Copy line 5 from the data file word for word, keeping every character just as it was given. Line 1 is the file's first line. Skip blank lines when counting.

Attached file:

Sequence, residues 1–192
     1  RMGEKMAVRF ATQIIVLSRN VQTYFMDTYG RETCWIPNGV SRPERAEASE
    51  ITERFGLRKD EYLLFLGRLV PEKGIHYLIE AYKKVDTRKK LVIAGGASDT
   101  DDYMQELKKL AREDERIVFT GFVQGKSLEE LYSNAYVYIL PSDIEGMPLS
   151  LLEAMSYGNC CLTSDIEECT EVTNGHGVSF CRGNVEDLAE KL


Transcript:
   151  LLEAMSYGNC CLTSDIEECT EVTNGHGVSF CRGNVEDLAE KL